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UK regulations are unfit for purpose and will not protect us – a detailed examination.

Fracking - Minding The Gaps by Jo Hawkins

Fracking – Minding The Gaps by Jo Hawkins

We are ‘reassured’ by the mantra, ‘provided we have robust regulation’ ‘ we have world class regulation’ ‘the UK has the most robust regulation in the world’ and so on. The Department of This That and The Other tell us that out health, wildlife, water, air, house prices and so on will be safe because we have ‘world class regulation’. Until now this has never been systematically challenged. A PhD student with time and insight and the ability to read legal terms has worked through all the regulations in the UK looking at Fracking. What she finds is alarming. In ‘Fracking – Minding the Gaps’ she discovers there is almost no regulation specific to fracking. Most is borrowed direct from conventional gas extraction and from off-shore drilling. There are recommendations rather than demands and a lack of precision.
Jo Hawkins has dissected the regulations and found them severely inadequate. She advised the Environment Committee of the House of Commons who wrote a report that called for a moratorium but was ignored by the government. The industry PR spin doctor explained that all the gaps had been closed. In a personal communication from the author, this does not seem to be the case.
‘World class regulation’ – yes, the world-wide finding is of poor, leaky and disappointing regulation, ‘robust regulation’ – sorry try again.

At present, the framing of shale gas and fracking activities as low risk is based on the assumption that a robust regulatory system is in place.76 This article has shown that this is not the case and that regulatory change is needed. Such a change requires recognition of the fact that the current regulation does not fit the technology and processes it is trying to control. Until this fact is acknowledged and addressed, the regula- tion governing fracking will continue to be inadequate.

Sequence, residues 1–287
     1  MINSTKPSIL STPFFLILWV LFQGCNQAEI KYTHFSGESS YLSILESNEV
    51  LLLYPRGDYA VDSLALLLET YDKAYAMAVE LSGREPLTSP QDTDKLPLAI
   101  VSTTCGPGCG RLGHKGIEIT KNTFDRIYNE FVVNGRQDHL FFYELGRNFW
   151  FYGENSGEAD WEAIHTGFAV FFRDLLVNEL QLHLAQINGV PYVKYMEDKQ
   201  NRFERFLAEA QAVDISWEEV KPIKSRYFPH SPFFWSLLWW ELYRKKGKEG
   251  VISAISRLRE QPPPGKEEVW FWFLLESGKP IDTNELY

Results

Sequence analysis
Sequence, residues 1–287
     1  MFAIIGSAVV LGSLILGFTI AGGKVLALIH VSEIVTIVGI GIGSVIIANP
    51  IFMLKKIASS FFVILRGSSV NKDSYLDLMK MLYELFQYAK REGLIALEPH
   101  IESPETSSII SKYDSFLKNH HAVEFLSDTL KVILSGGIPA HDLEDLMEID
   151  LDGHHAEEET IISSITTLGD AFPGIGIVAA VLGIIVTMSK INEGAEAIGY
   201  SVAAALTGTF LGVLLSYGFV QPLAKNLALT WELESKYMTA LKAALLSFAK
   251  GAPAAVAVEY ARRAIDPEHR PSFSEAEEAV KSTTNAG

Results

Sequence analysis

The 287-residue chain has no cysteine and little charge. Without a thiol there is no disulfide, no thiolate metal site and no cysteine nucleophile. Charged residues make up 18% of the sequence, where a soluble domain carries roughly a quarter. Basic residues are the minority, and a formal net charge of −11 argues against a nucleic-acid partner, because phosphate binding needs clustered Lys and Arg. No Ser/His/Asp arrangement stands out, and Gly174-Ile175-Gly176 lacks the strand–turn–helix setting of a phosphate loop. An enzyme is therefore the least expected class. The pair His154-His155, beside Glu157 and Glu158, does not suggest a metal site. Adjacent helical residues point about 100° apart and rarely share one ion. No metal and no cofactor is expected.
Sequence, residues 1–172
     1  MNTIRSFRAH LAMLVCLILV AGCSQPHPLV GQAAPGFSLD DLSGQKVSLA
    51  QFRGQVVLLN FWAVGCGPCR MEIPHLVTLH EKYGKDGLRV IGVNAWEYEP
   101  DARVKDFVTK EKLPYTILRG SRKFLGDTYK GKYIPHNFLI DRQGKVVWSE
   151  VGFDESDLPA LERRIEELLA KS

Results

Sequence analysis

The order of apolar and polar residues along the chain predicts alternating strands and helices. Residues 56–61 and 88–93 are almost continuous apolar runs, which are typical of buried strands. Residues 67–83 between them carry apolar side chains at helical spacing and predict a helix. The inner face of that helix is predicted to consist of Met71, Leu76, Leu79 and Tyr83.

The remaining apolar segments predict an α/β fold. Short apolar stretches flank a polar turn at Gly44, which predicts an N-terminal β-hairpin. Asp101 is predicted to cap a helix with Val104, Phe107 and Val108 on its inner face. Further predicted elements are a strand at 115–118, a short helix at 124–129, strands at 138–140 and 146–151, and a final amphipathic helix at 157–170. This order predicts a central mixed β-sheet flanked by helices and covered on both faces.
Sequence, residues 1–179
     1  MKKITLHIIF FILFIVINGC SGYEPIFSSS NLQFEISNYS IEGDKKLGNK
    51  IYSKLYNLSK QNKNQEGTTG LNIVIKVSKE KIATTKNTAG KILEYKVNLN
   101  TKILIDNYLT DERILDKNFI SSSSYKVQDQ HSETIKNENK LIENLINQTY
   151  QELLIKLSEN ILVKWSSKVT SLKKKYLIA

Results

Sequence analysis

One Response to UK regulations are unfit for purpose and will not protect us – a detailed examination.

  1. Jeremy Deedes 13th November 2015 at 12:35 pm #

    We need of course to consider the effectiveness of regulation in general. Unfortunately recent history is full of regulatory failures where businesses have resorted to subterfuge or camouflage to get round supervisory oversight in the pursuit of profit. Sometimes businesses simply treat the cost of non-compliance and the resulting fines as part of their project costs because this allows them still to make a profit which they would not generate by complying with regulations or by shelving the project outright. Often, methodical sub-regulatory radar activity has simply allowed a problem to build over time to the point where it results in catastrophic failure and the consequent environmental, human and financial damage.

    Recent examples of regulatory failure include:

    Pension miselling
    Sub-prime lending
    GSK unapproved drugs
    Mid Staffordshire NHS Trust and the Morecambe Bay NHS Trust
    The 2007 Financial Crisis and the spin of crises (LIBOR, FOREX etc)
    Deepwater Horizon (The BP Gulf Oil Spill)
    News International phone hacking

    And the alternative to regulation? It has to start at the top. A top down driven ethical culture that accepts that the bottom line is more than just profit is a start. Businesses that seek to be sustainable in the long term, particularly through the application of an Environment / Social / Governance (ESG) policy, will probably exceed regulatory standards, making regulation redundant.

    In a world where profit at any price and fossil fuels are absolutely against the spirit of the age, the frackers need to carry out a significant piece of self-exploration before they start to explore the gas fields of the UK.

    The Manchester University policy unit has some good stuff on this at

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